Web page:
By Peek & Toland on February 6, 2018

The practice of juveniles serving life prison sentences without parole has come under fire from the U.S. Supreme Court. Nevertheless, a dozen state prison inmates in Texas are serving juvenile life sentences.

A report on KWTX stated none of these inmates has asked for a new sentence, despite a ruling by the nation’s highest court.

Justice Anthony Kennedy penned a majority opinion of the Supreme Court that said states may no longer sentence juveniles to life without parole under the Eighth Amendment’s “bar against cruel and unusual punishment.”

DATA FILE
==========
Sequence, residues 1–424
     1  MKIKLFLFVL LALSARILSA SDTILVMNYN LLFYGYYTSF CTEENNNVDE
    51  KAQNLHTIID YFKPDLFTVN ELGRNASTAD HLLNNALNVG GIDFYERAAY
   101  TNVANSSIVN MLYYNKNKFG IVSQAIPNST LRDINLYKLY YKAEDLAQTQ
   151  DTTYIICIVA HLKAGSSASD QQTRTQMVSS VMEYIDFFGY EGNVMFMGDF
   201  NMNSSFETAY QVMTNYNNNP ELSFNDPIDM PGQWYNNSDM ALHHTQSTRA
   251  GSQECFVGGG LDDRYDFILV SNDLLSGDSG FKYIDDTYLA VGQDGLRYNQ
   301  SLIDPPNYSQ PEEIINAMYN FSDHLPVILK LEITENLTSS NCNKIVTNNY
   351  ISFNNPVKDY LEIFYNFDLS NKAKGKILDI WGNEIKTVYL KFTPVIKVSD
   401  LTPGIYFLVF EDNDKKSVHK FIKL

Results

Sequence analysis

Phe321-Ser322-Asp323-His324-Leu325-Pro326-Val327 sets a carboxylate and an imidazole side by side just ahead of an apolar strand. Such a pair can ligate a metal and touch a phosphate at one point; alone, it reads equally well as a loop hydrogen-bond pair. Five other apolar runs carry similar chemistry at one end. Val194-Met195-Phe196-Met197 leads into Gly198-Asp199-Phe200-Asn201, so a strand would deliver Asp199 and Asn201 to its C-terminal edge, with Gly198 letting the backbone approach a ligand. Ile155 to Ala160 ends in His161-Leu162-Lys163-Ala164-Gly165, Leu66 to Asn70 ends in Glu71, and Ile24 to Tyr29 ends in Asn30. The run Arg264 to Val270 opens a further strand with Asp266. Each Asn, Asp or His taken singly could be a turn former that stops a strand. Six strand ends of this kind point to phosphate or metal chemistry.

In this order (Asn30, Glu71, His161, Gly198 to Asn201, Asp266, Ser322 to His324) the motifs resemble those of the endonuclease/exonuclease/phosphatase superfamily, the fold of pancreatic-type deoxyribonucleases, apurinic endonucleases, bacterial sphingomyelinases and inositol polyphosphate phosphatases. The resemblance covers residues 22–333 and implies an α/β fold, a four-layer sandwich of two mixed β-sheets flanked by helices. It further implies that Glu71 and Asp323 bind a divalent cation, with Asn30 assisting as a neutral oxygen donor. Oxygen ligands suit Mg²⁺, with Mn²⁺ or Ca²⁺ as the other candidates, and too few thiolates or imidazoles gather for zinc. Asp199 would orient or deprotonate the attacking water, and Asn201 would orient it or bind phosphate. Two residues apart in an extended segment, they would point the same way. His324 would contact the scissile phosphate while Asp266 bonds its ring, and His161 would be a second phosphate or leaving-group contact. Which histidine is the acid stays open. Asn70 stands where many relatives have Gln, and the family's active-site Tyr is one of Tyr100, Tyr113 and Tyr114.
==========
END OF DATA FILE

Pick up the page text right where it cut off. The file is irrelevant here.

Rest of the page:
Juvenile life sentences spark fears

Concerns over juvenile left sentences

Jason Clark, a spokesman for the Texas Department of Criminal Justice, confirmed Texas has 12 inmates who were under 18 when they committed crimes who are serving life sentences without parole. He said:

 “As far as I know none of them has asked for a new sentence and it’s something they have to do.”

Back in 2012, the high court ruled a life without parole sentence given to a defendant convicted of capital murder who was under 18-years-old when the crime was committed is unconstitutional. An inmate serving such a sentence is entitled to a new punishment hearing.

A subsequent ruling in 2016 rendered the 2012 opinion retroactive. There are about 2,500 inmates in the United States jailed in juvenile and benefit from no parole. The Innocence Project has taken a stance on the issue. It states: